The Wayne County Jail has been reported to have cleanliness and maintenance issues. Sheriff Benny Napolean says deputies and inmate workers are wiping down the jails every couple hours in an efffort to prevent the spread of the virus.
At the state level, the Michigan Department of Corrections (MDOC) says it could consider freeing inmates to thin its prison population should the pandemic “continue for a long period of time.” Up to 5,000 of its nearly 38,000 inmates have served their minimum terms and may be eligible for release. Of that group, officials could consider for release those at greatest risk of becoming severely ill if they contract coronavirus and those who pose less of a threat to the public.
“We still have to prioritize public safety,” said MDOC spokesman Chris Gautz. “We’re not just going to wholesale release people we think are a danger just because there’s an issue going on on the outside.”
Michigan’s prison system has thus far taken a defensive approach to the illness, mandating temperature screenings of employees entering its 29 facilities, barring people with certain travel histories and ending visitations. Fever is a sign of coronavirus, though the disease can be transmitted by people who exhibit no symptoms.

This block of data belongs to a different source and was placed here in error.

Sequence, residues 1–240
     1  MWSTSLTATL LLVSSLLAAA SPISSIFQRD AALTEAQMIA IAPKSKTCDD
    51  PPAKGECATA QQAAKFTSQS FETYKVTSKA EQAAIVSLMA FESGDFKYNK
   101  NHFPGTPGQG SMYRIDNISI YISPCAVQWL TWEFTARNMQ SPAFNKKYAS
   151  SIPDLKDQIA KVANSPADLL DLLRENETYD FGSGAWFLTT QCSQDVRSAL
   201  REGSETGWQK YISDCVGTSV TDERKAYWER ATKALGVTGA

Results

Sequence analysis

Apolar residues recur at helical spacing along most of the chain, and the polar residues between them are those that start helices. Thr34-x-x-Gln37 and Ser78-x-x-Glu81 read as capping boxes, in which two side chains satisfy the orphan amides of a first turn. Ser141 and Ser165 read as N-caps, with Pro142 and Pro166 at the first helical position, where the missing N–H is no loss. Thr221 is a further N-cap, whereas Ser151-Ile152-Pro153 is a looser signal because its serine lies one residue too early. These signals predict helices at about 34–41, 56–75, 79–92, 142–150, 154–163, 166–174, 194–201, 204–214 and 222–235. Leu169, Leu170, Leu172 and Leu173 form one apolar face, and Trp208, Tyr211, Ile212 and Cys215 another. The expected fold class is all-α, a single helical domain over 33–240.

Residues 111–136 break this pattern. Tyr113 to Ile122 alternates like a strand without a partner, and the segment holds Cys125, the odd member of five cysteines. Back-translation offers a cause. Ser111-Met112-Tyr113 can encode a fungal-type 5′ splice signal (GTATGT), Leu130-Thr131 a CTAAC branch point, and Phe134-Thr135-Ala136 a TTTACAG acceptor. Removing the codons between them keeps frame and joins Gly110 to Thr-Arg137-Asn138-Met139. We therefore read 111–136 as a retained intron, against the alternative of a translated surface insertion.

MDOC says it has also staggered mealtimes to limit the number of people who can congregate at once and seats people farther apart in common areas.
Other parts of the country have already begun releasing inmates as a result of the pandemic. Los Angeles County and Cuyahoga County in Ohio have each released hundreds of low-level, nonviolent offenders. New York City on Thursday cleared for release 40 inmates at risk of becoming severely ill if they contract the virus.
A group of prosecutors from around the country, including Carol Siemon of Ingham County, are urging the release of non-violent inmates held because they can’t afford cash bail, elderly inmates, those with certain medical conditions, and those within six months of completing their sentence or incarcerated on technical violations of probation and parole — unless doing so would pose a serious public safety risk.